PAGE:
DETROIT - Three Wayne State University (WSU) research teams were recently awarded funding from Wayne State's Michigan Translational Research and Commercialization (MTRAC) program. The goal is to accelerate the translation and commercialization of their innovative biomedical technologies by providing the resources to validate technical and market opportunities. The MTRAC projects will be supported by $1.1 million in awards from the Michigan Strategic Fund, which is administered by the Michigan Economic Development Corporation (MEDC), with matching funds from Wayne State.
The WSU MTRAC program is broadly focused on medical devices and biomedical materials.
The successful applicants for the 2016 MTRAC funding are:
- Nivedita Dhar, M.D., assistant professor of urology, Smart Artificial Urinary Sphincter. This project aims to create a more effective stress urinary incontinence solution, called the Smart Artificial Urinary Sphincter. Current devices have multiple failures. The proposed project aims to create a SAUS that will have an adaptive control algorithm capable of self-adaptation to the urethral morphology.
- Zhiqiang Cao, Ph.D., assistant professor of chemical engineering, Zwitterionic Hydrogel Based Islet Encapsulation Technology. This project aims to prove the feasibility of using a novel technology to encapsulate xeno-source islets to correct diabetes. There currently is no encapsulation technology available for inducing blood vessel formation to sustain their cell survival and function long-term. Cao's technology utilizes a novel zwitterionic polymer material for islet cell encapsulation that will ultimately promote blood vessel growth to normal tissue levels and sustain the high blood vessel density for a longer period of time.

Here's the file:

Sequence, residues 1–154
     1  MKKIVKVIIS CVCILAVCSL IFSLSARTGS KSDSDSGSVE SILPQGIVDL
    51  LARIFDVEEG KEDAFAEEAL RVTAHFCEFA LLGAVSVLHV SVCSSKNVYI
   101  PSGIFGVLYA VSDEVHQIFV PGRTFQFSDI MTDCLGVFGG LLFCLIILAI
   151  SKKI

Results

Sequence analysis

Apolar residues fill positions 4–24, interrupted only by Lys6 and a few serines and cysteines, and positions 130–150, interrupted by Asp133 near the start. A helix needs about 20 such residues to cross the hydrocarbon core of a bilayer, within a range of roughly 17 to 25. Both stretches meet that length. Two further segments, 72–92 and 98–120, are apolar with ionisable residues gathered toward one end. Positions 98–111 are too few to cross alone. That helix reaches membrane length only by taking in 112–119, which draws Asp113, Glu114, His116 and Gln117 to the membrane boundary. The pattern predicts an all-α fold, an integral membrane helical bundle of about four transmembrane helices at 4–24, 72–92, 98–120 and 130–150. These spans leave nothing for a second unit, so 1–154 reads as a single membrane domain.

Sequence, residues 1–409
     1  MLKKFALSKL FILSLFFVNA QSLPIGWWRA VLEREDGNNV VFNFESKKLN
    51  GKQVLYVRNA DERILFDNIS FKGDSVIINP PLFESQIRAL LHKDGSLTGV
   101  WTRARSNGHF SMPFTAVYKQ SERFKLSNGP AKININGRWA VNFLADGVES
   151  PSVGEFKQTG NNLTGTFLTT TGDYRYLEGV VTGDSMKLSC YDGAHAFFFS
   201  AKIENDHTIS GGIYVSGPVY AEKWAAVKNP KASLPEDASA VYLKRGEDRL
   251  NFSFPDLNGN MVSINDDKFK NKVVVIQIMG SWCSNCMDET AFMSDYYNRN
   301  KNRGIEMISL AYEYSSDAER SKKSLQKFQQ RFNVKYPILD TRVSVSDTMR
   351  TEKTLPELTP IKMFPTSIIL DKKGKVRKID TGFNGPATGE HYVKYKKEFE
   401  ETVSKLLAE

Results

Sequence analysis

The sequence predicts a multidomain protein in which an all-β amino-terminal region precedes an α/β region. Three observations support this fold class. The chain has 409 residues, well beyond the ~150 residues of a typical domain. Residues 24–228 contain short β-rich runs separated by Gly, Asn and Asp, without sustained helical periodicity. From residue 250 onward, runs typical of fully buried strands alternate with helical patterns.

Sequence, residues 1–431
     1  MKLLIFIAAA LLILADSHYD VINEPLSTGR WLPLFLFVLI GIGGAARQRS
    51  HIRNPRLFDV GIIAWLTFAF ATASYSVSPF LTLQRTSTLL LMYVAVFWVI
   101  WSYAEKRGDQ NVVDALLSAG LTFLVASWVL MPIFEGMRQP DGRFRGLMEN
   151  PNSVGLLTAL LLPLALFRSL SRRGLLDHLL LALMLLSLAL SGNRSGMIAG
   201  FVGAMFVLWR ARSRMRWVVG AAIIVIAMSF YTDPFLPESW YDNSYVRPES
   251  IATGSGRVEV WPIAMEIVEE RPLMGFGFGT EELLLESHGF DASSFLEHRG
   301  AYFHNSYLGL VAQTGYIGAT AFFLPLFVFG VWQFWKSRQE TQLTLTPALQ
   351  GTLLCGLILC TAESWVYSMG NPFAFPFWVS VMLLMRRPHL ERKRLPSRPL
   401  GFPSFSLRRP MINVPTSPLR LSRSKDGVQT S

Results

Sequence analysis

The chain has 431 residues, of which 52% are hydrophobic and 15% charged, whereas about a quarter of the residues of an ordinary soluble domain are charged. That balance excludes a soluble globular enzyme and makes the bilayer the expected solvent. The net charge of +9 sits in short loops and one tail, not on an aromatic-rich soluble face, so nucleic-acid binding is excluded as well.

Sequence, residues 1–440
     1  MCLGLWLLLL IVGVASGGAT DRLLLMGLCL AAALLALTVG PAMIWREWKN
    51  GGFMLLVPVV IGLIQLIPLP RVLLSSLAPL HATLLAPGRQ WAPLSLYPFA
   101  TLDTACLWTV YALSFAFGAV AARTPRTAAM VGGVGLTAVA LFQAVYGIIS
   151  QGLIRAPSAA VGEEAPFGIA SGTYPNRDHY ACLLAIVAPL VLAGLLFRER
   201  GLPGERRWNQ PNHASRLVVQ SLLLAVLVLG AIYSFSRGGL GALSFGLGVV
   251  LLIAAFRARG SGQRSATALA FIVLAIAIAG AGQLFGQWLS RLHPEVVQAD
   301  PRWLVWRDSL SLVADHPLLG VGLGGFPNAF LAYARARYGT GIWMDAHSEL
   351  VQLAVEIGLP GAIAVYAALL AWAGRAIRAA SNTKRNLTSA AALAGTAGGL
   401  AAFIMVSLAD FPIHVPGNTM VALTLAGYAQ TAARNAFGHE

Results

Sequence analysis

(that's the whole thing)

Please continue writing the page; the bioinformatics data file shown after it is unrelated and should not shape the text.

- Mohammad Avanaki, Ph.D., assistant professor of biomedical engineering, Transfontanelle Photoacoustic Imaging Probe for Neonatal Functional Brain Imaging. This project will use a technique called photoacoustic imaging. Laser light is reflected off blood cells in the brain of a premature infant to create an acoustic sound that can be picked up and interpreted. This method is safer and more easily accessible than a MRI or PET, and allows the newborn to remain in an incubator.
The awards are the culmination of a competitive selection process that began with the submission of letters of intent from faculty for nine prospective projects. The faculty worked closely with Wayne State's Technology Commercialization Office and MTRAC Program Director Scott Olson to identify the clinical and market opportunities and the commercialization roadmap. The researchers presented their proposals in person before a 10-member Oversight Committee consisting of medical device experts, entrepreneurs and investors from across the country.